As any author will tell you, the writing is the easiest part of any book. It’s what comes afterwards - the battle with self-doubt, settling on the cover design, the countless re-reading, re-writing and fine tuning before the manuscript is ready for printing - that is the agonizing part. In fact, it’s not unlike gestation in all of us mammals, beginning with all the fun at fertilization, the trials and tribulations of pregnancy, and the agony and the ecstasy of the birthing process. And as any parent, artist or writer will tell you, any experience of 'creation' changes and expands us as human beings, mentally and emotionally. Here is how “Losing Sight Of The Shore” changed me:
1) A Cathartic Experience - Telling my story in “Losing Sight Of The Shore” was a cathartic experience for me, an emotional purging of sorts. Writing about the more traumatic events of my life and then re-reading them allowed me to gain the wide vision perspective of an outside observer, without all the raw emotion of a first hand participant. This distance helped me to gain some invaluable insights into my own character and my life situations. Enabling me to face my past, I now understand that where I stand today is the result of where I have been.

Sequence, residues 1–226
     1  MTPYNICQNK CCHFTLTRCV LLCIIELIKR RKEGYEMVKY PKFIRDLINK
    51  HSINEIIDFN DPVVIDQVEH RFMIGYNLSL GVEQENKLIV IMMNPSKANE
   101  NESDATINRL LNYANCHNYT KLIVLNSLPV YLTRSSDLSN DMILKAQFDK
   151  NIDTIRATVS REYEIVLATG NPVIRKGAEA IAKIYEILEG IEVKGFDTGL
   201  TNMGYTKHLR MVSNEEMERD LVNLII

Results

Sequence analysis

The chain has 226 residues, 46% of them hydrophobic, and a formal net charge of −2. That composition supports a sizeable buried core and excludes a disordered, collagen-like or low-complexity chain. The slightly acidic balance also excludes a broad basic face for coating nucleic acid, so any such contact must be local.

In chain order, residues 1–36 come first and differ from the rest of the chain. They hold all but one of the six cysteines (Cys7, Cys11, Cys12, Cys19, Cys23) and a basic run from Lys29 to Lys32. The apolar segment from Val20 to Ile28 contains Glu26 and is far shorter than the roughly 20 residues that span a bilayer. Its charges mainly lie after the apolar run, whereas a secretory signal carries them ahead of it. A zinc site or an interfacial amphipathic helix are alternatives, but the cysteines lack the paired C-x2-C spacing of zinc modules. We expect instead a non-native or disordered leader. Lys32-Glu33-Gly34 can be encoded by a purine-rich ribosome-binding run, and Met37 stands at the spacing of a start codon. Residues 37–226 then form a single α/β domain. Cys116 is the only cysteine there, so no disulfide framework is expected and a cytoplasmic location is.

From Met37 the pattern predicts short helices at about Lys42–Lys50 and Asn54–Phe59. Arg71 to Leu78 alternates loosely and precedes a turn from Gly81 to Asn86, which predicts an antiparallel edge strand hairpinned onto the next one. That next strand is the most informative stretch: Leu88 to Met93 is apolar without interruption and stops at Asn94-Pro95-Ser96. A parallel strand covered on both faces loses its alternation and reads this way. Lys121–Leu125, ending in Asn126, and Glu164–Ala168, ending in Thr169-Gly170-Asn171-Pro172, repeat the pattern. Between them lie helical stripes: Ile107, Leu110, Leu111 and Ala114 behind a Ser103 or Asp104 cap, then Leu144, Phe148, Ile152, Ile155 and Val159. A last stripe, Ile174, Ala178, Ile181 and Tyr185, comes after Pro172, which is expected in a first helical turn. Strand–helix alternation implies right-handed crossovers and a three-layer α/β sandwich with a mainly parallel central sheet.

2) Fight Or Flight - Through reading my life story in my book, I was able to observe that my modus operandi when faced with stressful situations was “Fight or Flight.” With my early years plagued by crisis and chaotic situations, I had become conditioned to react in this manner, whether a threat was real or imagined. By delving into, re-experiencing, and accepting the choices that I made in "Losing Sight Of The Shore", I found myself in a better place to release those aspects of my character that no longer serve a purpose and are chaining me to a point in time that no longer exists. I have since embarked on a quest to become more 'present' and live in the “Now.” Having read and re-read Eckhart Tolle’s book “The Power Of Now”, I now meditate twice a day and have stepped up my daily exercise routine. The results, not least of which has been a long-awaited inner peace, have been gradual but no less life-changing.
3) Telling Your Story Honors People In Your Life - While I may not have been able to acknowledge or honor all those who have stuck by me and supported me during my more trying moments, and equally shared in my triumphs, I am thankful that I am able to do so through "Losing Sight Of The Shore".
4) This too Will Pass - “Losing Sight Of The Shore” has given me a greater appreciation for the never ending cycle of life. A phrase that has been taken from a proverb indicating that all material conditions, positive or negative, are temporary, I am learning to deal with my challenges and triumphs in a more philosophical manner rather than face them with my customary “rollercoaster” of emotions. After all, “What we call the beginning is often the end. And to make an end is to make a beginning. The end is where we start from.” -T.S. Eliot